Supernova dazzles Sky
Posted: 10th October 2011
A pub landlady, who has fought all the way to the European Court of Justice (ECJ) for the right to use Nova, a Greek satellite TV company, to show Premier League matches at her pub in Portsmouth, has won a significant victory in her battle against Sky.
She fought the case after being fined £8,000 for showing matches transmitted via Nova rather than Sky, the authorised distributor for the Premier League matches shown. Her appeal against the ruling led to the UK courts referring questions to the ECJ.
The press release from the Court of Justice says that it “ holds that national legislation which prohibits the import, sale or use of foreign decoder cards is contrary to the freedom to provide services and cannot be justified either in light of the objective of protecting intellectual property rights or by the objective of encouraging the public to attend football stadia".
"So far as concerns the possibility of justifying that restriction in light of the objective of protecting intellectual property rights, the Court observes that the FAPL cannot claim copyright in the Premier League matches themselves, as those sporting events cannot be considered to be an author’s own intellectual creation and, therefore, to be ‘works’ for the purposes of copyright in the European Union."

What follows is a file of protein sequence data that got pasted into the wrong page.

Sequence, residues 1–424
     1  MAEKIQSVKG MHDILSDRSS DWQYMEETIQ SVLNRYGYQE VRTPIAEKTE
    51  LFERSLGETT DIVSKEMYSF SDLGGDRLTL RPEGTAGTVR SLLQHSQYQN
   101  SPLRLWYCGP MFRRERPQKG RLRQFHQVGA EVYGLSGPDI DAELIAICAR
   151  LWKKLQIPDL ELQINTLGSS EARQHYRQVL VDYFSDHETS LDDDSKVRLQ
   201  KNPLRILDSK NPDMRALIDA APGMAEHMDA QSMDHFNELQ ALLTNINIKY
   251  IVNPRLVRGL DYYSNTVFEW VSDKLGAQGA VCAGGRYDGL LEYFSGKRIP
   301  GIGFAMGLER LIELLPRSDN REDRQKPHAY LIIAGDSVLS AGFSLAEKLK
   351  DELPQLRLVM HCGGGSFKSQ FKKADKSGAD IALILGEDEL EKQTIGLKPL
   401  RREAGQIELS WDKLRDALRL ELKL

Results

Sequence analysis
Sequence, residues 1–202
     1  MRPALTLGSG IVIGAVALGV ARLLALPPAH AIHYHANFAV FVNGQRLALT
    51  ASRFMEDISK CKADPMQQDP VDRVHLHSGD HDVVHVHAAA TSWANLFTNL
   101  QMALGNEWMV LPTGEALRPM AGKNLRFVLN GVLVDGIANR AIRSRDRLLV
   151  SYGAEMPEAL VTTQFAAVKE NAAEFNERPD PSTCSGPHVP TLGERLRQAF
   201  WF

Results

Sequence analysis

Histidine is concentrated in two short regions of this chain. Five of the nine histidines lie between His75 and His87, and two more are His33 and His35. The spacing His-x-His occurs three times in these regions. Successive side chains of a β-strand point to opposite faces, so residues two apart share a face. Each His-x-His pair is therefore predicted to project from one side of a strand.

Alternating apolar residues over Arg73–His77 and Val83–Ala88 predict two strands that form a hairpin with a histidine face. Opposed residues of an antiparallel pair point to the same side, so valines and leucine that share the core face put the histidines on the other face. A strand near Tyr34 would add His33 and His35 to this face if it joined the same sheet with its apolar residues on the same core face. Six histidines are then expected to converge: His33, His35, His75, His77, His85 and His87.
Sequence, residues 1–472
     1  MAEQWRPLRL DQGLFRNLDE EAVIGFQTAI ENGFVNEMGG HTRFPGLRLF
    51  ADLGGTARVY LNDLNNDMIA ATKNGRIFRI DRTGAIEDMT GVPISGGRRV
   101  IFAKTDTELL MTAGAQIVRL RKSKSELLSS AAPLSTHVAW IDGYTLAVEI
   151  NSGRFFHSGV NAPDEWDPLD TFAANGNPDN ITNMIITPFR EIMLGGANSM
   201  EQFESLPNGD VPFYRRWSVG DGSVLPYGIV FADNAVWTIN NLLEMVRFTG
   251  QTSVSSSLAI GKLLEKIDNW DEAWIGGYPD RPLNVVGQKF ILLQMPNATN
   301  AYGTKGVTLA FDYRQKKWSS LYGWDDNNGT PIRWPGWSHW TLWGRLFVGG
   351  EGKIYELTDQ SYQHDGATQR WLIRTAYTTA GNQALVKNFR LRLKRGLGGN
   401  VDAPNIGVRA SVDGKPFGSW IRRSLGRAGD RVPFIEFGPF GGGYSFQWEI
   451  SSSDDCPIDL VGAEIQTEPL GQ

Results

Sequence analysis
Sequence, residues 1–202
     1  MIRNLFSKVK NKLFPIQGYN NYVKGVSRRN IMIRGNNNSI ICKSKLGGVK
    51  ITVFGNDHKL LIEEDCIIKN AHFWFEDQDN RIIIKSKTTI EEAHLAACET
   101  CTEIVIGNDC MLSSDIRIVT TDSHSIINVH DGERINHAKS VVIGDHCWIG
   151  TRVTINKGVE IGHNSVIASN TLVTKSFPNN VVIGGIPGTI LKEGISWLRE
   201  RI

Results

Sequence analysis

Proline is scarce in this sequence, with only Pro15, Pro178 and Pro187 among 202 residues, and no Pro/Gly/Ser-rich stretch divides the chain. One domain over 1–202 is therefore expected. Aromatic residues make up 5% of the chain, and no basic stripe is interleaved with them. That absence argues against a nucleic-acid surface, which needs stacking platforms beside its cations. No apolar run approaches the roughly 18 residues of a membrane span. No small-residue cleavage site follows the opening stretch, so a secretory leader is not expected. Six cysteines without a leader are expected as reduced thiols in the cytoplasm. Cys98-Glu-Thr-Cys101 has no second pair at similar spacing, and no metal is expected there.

“Also, even if national law were to confer comparable protection upon sporting events – which would, in principle, be compatible with EU law – a prohibition on using foreign decoder cards would go beyond what is necessary to ensure appropriate remuneration for the holders of the rights concerned. “
The case has now been referred back to the High Court in London for a decision. The ECJ’s ruling has been reported as having a substantial effect, but the benefits may be short-lived and could, in the medium-term, lead to a change in the way Sky Sports licences its products and prices them in different markets.